7 states explore cutting carbon from cars

Source: Camille von Kaenel and Benjamin Storrow, E&E News reporters • Posted: Wednesday, November 15, 2017

Northeastern Republicans and Democrats agree it’s time to bring down emissions from transportation.

They’re just not sure how to do it.

This week, seven states and the District of Columbia announced a new series of public listening sessions to get ideas about curbing car emissions — including, maybe, some sort of regional policy like a “cap and invest” program or a tax.

The announcement, made on the sidelines of the U.N. Climate Change Conference in Bonn, Germany, was meant to show how U.S. states, cities and businesses are stepping up their emission-cutting efforts following the Trump administration’s decision to withdraw from the Paris Agreement.

It’s an expansion of efforts by the Transportation and Climate Initiative (TCI), a regional collaboration launched by the Georgetown Climate Center six years ago with 11 Northeastern states and the District of Columbia. Of those, Connecticut, Delaware, Maryland, Massachusetts, New York, Rhode Island, Vermont and D.C. have signed onto the new round of talks.

“We’re all doing important work in our own states,” said Rob Klee, commissioner of the Connecticut Department of Energy and Environmental Protection. “In Connecticut, we’re doing things on vehicle rebates, and we’re doing things to develop transit. But the transportation challenge is just so much larger than one state … it’s time for a new innovative look.”

The transportation sector is the largest source of carbon dioxide emissions nationally, but efforts to curtail pollution from the sector have consistently frustrated advocates of climate action.

Where emissions from the power sector fell by 46 percent in the states that signed onto the new talks between 2005 and 2015, emissions from transportation were down 8 percent, according to U.S. Energy Information Administration data. Even that decrease might be something of an anomaly. Since the recession, transportation emissions have seen a slight uptick.

In seeking a regional solution to their transportation conundrum, Northeastern states are hoping to build upon their success with the Regional Greenhouse Gas Initiative (RGGI), which targets emissions from the power sector.

But whereas the power sector represents a relatively simple target — power plants — transportation is more complex.

“This is a process, because it’s such a multifaceted sector,” said Vicki Arroyo, president of the Georgetown Climate Center. “It involves land use, it involves behavioral changes, it involves investment in transit and in electric vehicles.”

Environmentalists said they hope states will adopt the same basic principles applied by RGGI, under which revenue for energy efficiency and clean energy programs is raised through a quarterly auction of carbon allowances. In the case of transportation, the money could be used to raise money for investments in electric vehicles, biking and public transportation.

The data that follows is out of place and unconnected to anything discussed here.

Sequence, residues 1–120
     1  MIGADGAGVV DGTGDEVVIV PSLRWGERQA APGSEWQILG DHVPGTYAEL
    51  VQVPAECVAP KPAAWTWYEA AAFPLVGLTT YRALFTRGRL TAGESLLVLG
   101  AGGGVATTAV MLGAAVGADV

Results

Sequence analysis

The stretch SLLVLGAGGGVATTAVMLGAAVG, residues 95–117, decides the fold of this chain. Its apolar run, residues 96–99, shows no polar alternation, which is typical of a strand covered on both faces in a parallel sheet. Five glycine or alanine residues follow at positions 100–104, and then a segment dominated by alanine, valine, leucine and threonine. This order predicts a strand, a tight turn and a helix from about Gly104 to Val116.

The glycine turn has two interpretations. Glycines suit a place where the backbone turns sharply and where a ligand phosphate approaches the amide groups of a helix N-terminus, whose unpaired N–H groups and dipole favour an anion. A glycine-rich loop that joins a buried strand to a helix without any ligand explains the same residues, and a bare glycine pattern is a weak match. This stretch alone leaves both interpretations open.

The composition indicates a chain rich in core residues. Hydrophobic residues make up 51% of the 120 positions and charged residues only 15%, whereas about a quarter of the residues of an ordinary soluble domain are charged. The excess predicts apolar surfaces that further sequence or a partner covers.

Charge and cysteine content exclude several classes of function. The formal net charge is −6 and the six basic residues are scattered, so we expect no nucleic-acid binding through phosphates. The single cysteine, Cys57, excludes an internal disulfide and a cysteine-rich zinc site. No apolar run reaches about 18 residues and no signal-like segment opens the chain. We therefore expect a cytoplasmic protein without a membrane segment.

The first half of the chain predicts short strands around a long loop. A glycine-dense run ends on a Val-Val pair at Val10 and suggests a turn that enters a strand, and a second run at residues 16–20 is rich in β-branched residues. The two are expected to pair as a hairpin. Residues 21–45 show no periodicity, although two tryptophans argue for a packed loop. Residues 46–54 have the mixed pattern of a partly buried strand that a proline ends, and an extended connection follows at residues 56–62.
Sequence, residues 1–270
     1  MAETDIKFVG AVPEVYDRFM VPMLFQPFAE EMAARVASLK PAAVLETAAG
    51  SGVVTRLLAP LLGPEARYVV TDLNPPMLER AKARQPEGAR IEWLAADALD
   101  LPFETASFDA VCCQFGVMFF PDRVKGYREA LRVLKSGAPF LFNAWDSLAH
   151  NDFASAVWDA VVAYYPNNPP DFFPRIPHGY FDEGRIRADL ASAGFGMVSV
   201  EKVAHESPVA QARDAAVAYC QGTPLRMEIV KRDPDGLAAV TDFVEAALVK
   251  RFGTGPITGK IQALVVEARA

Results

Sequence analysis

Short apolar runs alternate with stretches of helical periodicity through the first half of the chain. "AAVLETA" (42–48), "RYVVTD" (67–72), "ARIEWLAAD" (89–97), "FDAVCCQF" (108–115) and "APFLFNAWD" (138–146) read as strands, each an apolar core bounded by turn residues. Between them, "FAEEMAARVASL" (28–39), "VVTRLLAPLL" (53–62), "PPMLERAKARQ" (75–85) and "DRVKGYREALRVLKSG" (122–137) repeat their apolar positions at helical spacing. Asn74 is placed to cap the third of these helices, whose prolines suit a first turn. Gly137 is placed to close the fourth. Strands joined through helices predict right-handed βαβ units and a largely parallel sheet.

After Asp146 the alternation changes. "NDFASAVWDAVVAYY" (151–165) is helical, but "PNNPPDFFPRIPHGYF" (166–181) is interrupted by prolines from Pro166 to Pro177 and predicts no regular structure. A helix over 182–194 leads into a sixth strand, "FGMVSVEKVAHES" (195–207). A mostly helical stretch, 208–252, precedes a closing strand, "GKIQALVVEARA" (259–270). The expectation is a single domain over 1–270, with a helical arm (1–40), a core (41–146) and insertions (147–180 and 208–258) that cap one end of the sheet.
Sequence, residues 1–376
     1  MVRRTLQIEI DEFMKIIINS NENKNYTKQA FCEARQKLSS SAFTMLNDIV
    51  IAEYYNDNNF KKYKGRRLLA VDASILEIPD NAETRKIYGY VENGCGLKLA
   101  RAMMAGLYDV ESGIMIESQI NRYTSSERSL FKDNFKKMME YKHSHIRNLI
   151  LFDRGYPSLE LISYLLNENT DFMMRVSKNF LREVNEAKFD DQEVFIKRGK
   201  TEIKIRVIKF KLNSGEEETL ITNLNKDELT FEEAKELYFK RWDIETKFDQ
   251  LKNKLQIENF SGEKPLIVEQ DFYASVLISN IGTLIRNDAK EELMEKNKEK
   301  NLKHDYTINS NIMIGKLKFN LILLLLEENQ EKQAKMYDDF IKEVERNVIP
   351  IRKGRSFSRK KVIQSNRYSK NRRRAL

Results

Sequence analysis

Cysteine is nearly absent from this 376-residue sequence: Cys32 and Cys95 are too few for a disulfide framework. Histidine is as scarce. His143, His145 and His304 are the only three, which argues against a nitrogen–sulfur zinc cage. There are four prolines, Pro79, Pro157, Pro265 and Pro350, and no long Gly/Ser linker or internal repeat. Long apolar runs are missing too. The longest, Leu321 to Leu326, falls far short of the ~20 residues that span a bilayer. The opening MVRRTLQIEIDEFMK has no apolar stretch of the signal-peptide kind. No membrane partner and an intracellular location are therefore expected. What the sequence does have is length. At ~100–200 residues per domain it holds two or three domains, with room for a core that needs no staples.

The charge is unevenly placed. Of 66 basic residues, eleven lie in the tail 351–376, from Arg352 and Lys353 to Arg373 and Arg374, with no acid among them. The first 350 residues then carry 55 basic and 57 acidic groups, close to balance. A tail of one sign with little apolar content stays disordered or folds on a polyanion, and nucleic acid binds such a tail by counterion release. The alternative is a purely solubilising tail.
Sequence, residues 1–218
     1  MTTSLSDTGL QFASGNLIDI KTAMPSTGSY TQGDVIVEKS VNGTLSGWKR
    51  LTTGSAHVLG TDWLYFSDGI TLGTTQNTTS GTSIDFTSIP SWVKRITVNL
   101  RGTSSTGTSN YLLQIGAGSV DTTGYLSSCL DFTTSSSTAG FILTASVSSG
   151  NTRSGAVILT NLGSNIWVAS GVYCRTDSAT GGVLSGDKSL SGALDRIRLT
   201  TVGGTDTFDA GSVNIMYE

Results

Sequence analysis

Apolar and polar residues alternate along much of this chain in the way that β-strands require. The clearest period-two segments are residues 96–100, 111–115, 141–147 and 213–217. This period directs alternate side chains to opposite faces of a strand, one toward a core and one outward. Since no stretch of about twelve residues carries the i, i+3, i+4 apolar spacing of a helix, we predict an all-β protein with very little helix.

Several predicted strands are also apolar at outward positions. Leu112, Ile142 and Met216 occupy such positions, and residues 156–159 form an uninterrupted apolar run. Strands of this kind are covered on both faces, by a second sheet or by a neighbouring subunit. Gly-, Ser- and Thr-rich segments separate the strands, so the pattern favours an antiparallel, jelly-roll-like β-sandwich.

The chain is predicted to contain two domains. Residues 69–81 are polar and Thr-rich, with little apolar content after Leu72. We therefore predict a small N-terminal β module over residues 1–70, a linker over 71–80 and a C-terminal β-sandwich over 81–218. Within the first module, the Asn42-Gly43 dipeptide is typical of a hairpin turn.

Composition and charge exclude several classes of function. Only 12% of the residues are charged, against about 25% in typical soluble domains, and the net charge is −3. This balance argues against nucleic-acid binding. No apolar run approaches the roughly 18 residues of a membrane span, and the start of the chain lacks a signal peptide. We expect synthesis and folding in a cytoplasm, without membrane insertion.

The proposal for transportation would cover distributors of fuels, similar to how California’s carbon cap-and-trade program covers transportation fuels. The Georgetown Climate Center outlined considerations in an accompanying white paper.

“This is the first time they’ve collectively decided to have the conversation and solicit stakeholder input,” said Ken Kimmell, former commissioner of the Massachusetts Department of Environmental Protection and chairman of the RGGI board, and now president of the Union of Concerned Scientists. “They’re taking it seriously.”

Yesterday’s announcement brought to light some of the difficulties ahead. Two years ago, five TCI states committed to studying joint action on a market mechanism to bring down transportation emissions. A proposal has not yet emerged.

Yesterday’s plan was noticeably lacking in policy details. For now, the states are simply committed to listening, with hearings scheduled for 2018.

The Alliance of Automobile Manufacturers said it does not have a policy position. Greens acknowledged the challenges facing the initiative, but applauded the announcement.

“I think there’s clearly an interest in developing policy, but they want to hear from people across the region first,” said Jordan Stutt, a policy analyst at the Acadia Center, a Boston-based environmental group. “To me, it suggests they’re serious about addressing transportation emissions.”

The seven states involved in the effort are led in almost equal measure by Republican and Democratic governors. Maryland, Massachusetts and Vermont all have Republican chief executives. Connecticut, Delaware, New York and Rhode Island are all led by Democrats.

Arroyo said the buy-in from Republican-led states marks a shift. Maryland and Massachusetts stayed off the preliminary announcement two years ago.

Massachusetts has since passed legislation requiring reductions in transportation emissions and has already started gathering public feedback on policy ideas.